How to Evict a Tenant

police eviction
Photo Credit: Nick Gulotta via Compfight cc

Every property owner hopes to only rent to perfect tenants.  However, history shows that bad tenants are commonly able to filter through the best tenant screening processes.  So, what do you do when you’ve had enough of a particular problem tenant? We’ve put together a list of factors to consider when you arrive at this type of situation.

Things to Consider before Evicting a Tenant

It Depends on Location – It’s important  to understand, when facing a tenant eviction, that there isn’t a “cookie cutter” process to handle tenant evictions everywhere.  Every state and county has local laws that dictate the process.  For specifics on select locations, please refer to our blog posts on how to handle evictions in Phoenix, Las Vegas, and San Diego.

Note that although different states and counties have varying degrees of regulations, there are some common themes that apply to tenant eviction.  The next eight points highlight these themes.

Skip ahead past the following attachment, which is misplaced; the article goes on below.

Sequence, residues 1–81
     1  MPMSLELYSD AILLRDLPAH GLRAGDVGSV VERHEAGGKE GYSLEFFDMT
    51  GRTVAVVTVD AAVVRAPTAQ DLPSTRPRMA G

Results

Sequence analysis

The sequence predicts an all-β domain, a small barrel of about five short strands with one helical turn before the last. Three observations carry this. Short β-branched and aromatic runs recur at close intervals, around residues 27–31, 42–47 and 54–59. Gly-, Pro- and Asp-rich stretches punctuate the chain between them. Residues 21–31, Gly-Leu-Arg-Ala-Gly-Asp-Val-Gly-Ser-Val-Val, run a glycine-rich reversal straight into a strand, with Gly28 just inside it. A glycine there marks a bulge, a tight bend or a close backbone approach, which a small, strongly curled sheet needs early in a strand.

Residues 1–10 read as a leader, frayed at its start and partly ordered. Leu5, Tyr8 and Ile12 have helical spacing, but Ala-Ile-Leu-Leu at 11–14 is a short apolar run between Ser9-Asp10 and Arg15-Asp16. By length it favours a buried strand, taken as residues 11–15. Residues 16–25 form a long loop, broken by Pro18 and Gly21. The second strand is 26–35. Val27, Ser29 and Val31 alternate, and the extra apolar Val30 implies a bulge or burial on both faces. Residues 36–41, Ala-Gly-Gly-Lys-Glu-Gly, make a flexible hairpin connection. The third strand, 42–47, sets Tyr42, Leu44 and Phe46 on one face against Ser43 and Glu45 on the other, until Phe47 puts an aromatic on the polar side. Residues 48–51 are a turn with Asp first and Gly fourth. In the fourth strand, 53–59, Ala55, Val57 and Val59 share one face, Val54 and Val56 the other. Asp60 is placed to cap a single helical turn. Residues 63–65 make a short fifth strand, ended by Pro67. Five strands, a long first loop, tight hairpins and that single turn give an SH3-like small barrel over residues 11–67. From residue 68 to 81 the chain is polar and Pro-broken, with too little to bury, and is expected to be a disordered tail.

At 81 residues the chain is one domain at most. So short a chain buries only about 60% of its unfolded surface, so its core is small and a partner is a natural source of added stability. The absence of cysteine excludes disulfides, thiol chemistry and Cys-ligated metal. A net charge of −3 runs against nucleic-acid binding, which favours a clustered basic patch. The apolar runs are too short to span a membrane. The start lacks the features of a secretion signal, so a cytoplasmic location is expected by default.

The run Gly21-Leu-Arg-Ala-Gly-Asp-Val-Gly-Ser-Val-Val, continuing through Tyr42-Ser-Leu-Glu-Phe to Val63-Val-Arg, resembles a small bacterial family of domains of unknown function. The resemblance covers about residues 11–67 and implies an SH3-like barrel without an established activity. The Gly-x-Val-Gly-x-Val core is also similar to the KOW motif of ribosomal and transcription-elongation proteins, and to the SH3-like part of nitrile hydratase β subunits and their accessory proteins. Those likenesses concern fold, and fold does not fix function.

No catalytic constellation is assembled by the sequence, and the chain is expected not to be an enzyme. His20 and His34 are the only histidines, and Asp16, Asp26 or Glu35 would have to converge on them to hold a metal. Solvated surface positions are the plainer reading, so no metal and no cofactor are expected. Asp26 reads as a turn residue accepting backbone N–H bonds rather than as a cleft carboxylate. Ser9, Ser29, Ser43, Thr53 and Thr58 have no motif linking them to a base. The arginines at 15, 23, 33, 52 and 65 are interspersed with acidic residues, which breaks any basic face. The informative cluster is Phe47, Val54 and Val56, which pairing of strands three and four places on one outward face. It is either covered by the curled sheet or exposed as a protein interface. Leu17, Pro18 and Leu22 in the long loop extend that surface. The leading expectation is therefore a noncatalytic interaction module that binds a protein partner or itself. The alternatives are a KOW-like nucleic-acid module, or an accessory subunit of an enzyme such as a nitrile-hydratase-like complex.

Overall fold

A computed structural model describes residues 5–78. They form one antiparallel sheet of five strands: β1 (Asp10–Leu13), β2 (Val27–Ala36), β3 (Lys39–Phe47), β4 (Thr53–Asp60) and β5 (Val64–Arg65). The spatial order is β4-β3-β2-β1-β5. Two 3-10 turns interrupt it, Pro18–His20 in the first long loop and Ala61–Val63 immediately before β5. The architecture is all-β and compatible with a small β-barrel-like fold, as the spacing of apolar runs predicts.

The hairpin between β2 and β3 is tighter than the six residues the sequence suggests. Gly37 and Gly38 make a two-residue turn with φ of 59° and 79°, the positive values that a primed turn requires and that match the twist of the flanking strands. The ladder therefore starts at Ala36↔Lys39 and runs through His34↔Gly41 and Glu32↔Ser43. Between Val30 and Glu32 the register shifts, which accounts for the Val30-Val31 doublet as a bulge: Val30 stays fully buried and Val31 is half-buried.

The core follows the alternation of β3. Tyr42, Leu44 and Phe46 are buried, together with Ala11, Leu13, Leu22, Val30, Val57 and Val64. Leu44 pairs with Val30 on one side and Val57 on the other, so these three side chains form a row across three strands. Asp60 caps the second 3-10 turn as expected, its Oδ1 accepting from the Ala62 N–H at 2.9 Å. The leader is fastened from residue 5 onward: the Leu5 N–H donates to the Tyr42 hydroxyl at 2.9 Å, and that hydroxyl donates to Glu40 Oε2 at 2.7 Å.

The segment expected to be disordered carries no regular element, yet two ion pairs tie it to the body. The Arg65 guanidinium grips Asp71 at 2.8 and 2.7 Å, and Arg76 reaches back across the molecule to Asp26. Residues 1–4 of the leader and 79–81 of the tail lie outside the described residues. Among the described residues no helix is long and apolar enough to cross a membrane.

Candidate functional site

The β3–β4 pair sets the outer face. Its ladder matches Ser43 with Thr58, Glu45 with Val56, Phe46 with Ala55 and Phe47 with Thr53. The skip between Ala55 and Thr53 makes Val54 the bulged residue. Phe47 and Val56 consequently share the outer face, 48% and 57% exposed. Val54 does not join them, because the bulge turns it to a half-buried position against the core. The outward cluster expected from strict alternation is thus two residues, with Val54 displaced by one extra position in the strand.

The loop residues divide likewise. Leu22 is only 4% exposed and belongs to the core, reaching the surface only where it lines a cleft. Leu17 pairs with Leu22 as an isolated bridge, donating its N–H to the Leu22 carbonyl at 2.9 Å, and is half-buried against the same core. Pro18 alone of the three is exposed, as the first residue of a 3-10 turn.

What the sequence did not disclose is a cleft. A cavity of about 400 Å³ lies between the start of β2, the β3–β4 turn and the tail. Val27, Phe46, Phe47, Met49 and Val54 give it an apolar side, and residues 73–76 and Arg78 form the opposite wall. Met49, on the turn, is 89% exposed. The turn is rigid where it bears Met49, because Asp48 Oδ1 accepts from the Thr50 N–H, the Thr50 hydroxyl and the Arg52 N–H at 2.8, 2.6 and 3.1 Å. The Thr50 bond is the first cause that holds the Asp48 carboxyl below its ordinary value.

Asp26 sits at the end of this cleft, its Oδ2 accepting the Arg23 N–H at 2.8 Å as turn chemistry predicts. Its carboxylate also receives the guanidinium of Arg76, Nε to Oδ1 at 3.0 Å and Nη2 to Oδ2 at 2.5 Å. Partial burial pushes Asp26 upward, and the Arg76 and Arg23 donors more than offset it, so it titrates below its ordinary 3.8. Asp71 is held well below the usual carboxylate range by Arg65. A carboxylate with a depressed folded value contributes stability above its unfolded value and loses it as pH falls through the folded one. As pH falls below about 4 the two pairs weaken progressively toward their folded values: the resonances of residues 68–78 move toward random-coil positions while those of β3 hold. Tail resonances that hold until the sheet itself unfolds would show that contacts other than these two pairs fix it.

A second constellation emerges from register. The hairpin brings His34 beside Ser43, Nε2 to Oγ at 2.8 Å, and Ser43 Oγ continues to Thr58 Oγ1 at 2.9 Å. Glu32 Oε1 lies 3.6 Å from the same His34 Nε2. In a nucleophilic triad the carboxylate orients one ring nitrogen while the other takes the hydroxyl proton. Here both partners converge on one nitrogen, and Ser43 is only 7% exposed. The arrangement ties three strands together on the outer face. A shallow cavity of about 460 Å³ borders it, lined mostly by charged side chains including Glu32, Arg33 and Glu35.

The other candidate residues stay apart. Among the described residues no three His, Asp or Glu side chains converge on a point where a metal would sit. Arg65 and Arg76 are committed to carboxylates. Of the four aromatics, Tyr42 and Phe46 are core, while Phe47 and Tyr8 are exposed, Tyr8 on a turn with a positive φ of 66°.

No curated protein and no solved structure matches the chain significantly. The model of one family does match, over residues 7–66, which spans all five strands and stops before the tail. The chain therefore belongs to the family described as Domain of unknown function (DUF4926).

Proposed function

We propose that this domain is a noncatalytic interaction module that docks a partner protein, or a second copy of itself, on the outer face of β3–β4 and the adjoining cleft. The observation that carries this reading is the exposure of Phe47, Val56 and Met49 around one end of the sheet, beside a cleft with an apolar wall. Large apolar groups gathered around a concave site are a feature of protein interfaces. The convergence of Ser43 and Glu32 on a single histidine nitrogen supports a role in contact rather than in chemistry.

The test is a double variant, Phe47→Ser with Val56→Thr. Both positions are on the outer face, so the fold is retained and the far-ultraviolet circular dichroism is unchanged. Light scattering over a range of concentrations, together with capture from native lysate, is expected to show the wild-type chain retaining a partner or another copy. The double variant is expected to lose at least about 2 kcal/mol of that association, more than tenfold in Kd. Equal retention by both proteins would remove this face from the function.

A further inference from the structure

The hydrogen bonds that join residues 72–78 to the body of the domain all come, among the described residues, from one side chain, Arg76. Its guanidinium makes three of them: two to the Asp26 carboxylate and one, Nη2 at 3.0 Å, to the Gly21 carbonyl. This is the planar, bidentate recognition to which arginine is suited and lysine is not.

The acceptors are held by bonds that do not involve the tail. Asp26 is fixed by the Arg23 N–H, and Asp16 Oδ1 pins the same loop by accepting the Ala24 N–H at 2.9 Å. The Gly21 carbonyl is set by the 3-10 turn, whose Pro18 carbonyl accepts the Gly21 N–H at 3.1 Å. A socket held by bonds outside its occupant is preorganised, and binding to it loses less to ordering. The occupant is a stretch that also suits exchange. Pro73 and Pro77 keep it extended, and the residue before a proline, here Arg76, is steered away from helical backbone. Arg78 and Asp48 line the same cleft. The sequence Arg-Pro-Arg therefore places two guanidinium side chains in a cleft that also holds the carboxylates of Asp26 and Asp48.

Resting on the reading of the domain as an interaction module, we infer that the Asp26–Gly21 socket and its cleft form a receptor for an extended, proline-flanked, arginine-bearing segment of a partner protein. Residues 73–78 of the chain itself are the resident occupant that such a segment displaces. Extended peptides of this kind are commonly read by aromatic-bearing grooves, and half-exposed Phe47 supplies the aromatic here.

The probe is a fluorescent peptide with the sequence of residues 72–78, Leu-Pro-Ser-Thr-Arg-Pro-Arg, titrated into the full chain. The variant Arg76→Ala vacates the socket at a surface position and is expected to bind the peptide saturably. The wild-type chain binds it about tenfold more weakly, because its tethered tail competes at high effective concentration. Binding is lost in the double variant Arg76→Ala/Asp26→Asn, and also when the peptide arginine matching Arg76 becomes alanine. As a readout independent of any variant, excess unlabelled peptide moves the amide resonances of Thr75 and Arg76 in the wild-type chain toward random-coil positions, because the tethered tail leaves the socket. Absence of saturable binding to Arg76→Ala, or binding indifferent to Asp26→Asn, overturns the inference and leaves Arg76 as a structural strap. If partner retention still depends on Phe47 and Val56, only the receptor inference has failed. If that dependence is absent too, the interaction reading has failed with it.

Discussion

Give Notice –  If a tenant doesn’t pay  rent on time then issue a notice to pay or quit (in California, it’s a 3 day notice, but most other locations it is a 5 day notice).

File with the Courts – If the tenant still does not fulfill his or her obligations within the required notice time (add an extra 5 days if service is done via mail versus being posted or through a process server) then you should officially file with the local court.

Let the Legal System Take Over – After filing in court, the Tenant will be legally served and will have another chance to respond.  A court date will be set to hear the matter, and a judge will rule on an eviction (either in favor or not in favor of eviction).  If an eviction is granted the judge will usually give the Tenant 5-7 days to vacate the property

Make sure they Leave – If the home is not vacated by the end of the 5-7 days, then call the constable can be called to schedule a legal “lockout” where a city official will assist in the removal of the tenant by posting a 24 hour notice statement on the property, and follow up to give the Tenant a final 30 minutes to get out of the property before the locks are changed

The bottom line is that the tenant eviction process is time consuming process.  The Best Evictions are the ones that don’t happen.  Evicting a tenant will try your patience, and cost you lots of time and money.  You should always employ a solid tenant screening strategy that will limit the number of evictions you will have to endure.  Ultimately, evictions are easiest on the property owner when they are carried out by a professional property manager.  Utilize a property manager with a solid eviction program to make your life a whole lot easier.